A fixed date on the Julian calendar; @var{month} and @var{day} are
numbers.
A fixed date on the Julian calendar.
@item (holiday-sexp @var{sexp} @var{string})
A date calculated by the Lisp expression @var{sexp}. The expression
should use the variable @code{year} to compute the date of a holiday, or
@code{nil} if the holiday doesn't happen this year. The value of @var{sexp}
must represent the date as a list of the form @code{(@var{month} @var{day}
@var{year})}.
should use the variable @code{year} to compute and return the date of a
holiday, or @code{nil} if the holiday doesn't happen this year. The
value of @var{sexp} must represent the date as a list of the form
@code{(@var{month} @var{day} @var{year})}.
@item (if @var{condition} @var{holiday-form})
A holiday that happens only if @var{condition} is true.
@item (@var{function} @r{[}@var{args}@r{]})
A date calculated by the function @var{function}, called with arguments
@var{args}.
A list of dates calculated by the function @var{function}, called with
arguments @var{args}.
@end table
For example, suppose you want to add Bastille Day, celebrated in
......@@ -250,9 +250,9 @@ divisible by 4:
@smallexample
(holiday-sexp (if (= 0 (% year 4))
(calendar-gregorian-from-absolute
(1+ (calendar-dayname-on-or-before
1 (+ 6 (calendar-absolute-from-gregorian
(list 11 1 year))))))
(1+ (calendar-dayname-on-or-before
1 (+ 6 (calendar-absolute-from-gregorian
(list 11 1 year))))))
"US Presidential Election"))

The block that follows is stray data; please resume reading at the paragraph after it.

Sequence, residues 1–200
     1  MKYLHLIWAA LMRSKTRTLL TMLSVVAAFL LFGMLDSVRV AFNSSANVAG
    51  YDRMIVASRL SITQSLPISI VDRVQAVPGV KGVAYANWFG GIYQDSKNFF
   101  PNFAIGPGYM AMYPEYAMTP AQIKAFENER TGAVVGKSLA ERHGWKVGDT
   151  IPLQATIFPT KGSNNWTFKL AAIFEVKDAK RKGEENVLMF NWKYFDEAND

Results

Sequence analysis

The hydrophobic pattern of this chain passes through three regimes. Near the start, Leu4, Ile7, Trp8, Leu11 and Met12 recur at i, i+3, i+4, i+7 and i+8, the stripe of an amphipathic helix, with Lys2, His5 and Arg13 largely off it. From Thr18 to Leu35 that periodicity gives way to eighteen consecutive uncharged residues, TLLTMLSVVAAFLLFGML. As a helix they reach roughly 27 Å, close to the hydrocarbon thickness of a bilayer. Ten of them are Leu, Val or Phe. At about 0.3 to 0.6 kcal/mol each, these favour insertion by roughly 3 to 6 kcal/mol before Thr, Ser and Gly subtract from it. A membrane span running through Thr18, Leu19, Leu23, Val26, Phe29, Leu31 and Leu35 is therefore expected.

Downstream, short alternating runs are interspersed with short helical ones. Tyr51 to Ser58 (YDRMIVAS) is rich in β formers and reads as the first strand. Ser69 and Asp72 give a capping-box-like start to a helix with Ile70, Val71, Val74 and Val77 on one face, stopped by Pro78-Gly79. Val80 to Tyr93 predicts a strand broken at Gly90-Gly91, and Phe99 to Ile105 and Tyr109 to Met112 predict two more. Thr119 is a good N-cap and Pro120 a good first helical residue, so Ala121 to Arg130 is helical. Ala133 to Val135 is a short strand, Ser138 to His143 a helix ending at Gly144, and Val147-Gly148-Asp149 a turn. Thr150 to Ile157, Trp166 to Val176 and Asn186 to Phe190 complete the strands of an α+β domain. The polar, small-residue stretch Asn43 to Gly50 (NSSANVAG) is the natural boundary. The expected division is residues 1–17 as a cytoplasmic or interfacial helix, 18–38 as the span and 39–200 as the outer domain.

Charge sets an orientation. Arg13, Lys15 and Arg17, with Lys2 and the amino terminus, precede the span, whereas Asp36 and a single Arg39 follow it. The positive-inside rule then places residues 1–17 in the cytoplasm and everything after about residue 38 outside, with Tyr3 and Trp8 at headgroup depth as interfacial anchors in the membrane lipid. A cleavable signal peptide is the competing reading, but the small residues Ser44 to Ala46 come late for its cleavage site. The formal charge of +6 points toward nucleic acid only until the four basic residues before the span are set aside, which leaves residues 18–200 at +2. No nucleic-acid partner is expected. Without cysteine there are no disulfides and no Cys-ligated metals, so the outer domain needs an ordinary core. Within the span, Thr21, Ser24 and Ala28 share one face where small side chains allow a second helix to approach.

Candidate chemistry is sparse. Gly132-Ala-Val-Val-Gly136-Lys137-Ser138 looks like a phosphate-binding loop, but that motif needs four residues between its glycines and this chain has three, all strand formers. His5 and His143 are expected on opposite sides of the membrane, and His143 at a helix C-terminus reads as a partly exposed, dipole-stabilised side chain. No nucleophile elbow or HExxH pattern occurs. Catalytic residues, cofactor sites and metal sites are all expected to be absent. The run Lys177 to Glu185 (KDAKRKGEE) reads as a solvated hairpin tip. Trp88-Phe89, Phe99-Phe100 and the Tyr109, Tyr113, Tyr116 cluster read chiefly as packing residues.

@end smallexample
......@@ -286,13 +286,13 @@ visible in the calendar window, with descriptive strings, like this:
@section Date Display Format
@vindex calendar-date-display-form
You can customize the manner of displaying dates in the diary,
in mode lines, and in messages by setting
@code{calendar-date-display-form}. This variable holds a list of
expressions that can involve the variables @code{month}, @code{day}, and
@code{year}, all numbers in string form, and @code{monthname} and
@code{dayname}, both alphabetic strings. In the American style, the
default value of this list is as follows:
You can customize the manner of displaying dates in the diary, in mode
lines, and in messages by setting @code{calendar-date-display-form}.
This variable holds a list of expressions that can involve the variables
@code{month}, @code{day}, and @code{year}, which are all numbers in
string form, and @code{monthname} and @code{dayname}, which are both